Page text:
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Arizona looks to get past Elite 8 for first time since 2001

When they take the court at the Honda Center Saturday evening against the Wisconsin Badgers, the Arizona Wildcats could be 40 minutes of basketball away from their first Final Four appearance since 2001.

That season, they lost to Duke by a score of 82-72 in the national championship game.

And while the Wildcats have had some successful seasons since then, they have not been able to claw their way back into the Final Four.

But they’ve been close. Very close. Painstakingly close.

Arizona has made three separate trips to the Elite 8 over the last 13 years, each time falling in heartbreaking fashion.

Here’s a recap:

2003: Kansas 78, Arizona 75

The top-seeded Wildcats and second-seeded Kansas Jayhawks battled throughout the entire game, with Arizona being forced to make up some steep deficits throughout. They were able to do so many times, and even had the lead late in the second half. But they fell just a bit short.

Jason Gardner scored 23 points for Arizona while Luke Walton chipped in 18, while Rick Anderson and Hassan Adams each scored 11. Channing Frye notched six points, Salim Stoudamire was held to just four points and Andre Igoudala tallied only two.

But it was Kansas’ Kirk Hinrich who was the difference maker, scoring 28 points and blocking the first of two three-point attempts from Gardner as time expired to hang on for the win.

2005: Illinois 90, Arizona 89

On a pain scale from 1 to 10, this one ranks around a 174.

Simply put, this was a game Arizona should have won, even though it was basically a home game for Illinois.

The Wildcats, the region’s third seed, were up most of the second half against number one seeded Illinois. And with just four minutes left, Arizona held what appeared to be a comfortable 15-point lead.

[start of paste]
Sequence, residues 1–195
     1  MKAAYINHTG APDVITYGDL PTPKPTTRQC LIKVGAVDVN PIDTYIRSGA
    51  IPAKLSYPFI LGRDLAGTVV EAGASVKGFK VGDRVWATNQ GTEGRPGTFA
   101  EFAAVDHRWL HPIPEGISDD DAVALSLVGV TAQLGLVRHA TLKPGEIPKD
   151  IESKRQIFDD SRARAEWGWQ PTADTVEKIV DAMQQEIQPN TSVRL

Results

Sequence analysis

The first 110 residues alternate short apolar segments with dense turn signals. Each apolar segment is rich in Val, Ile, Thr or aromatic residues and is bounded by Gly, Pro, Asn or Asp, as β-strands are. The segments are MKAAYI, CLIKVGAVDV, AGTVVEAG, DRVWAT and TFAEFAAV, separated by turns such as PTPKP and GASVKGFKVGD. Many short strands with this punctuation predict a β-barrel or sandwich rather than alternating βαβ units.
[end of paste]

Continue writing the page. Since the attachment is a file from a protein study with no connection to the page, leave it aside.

Then. It. All. Fell. Apart.

Led by guards Deron Williams and Luther Head and aided by some sloppy play by Arizona, Illinois finished the half on a 20-5 run, sending the game into overtime, where Hassan Adams’ three-point shot misfired as time expired.

Channing Frye finished with a game-high 24 points for Arizona, while Adams scored 21 and Ivan Radenovic poured in 13. Five Wildcats reached double figures in the loss.

But the difference was Illinois’ backcourt of Williams and Head, which along with Dee Brown combined for 59 points and 19 assists that led the Illini to the comeback and eventually the win.

2011: UConn 65, Arizona 63

To be honest, neither team was expected to make it this far.

Arizona was seeded fifth for a reason, and UConn was third. The Wildcats survived a first-round scare against Memphis and needed a miracle rally to knock off Texas in the second before destroying Duke in the Sweet 16. And if not for a ridiculous run through the Big East Tournament that year, the Huskies would have been seeded much lower, though their tournament path was a bit smoother than their opponent’s.

This was a game where the best players from each team shined, as Derrick Williams and Kemba Walker each led their teams with 20 points. However, foul trouble limited Williams, the future second-overall pick in the NBA Draft, to just 26 minutes.

Arizona got out of the gates quickly and took the lead, but UConn fought back and had the edge at the half. The lead was up to eight with 11 minutes to play, but from there the Wildcats fought back and eventually took the lead, going up by three with six-and-a-half minutes left.

The Huskies didn’t go away, though, and not only regained the lead, but went up by six with just two-and-a-half minutes left to play. The teams traded baskets from there, with Kyle Fogg and Jamelle Horne making threes for Arizona and Kemba Walker hitting a jumper for UConn, which set the stage for an amazing finish.

Down two with the ball and 18 seconds to play, Arizona turned to Derrick Williams, whose three-point attempt missed. Fogg got the offensive rebound and kicked it out to the senior Horne, whose three-point shot looked true but it bounced off the rim to seal the win for UConn.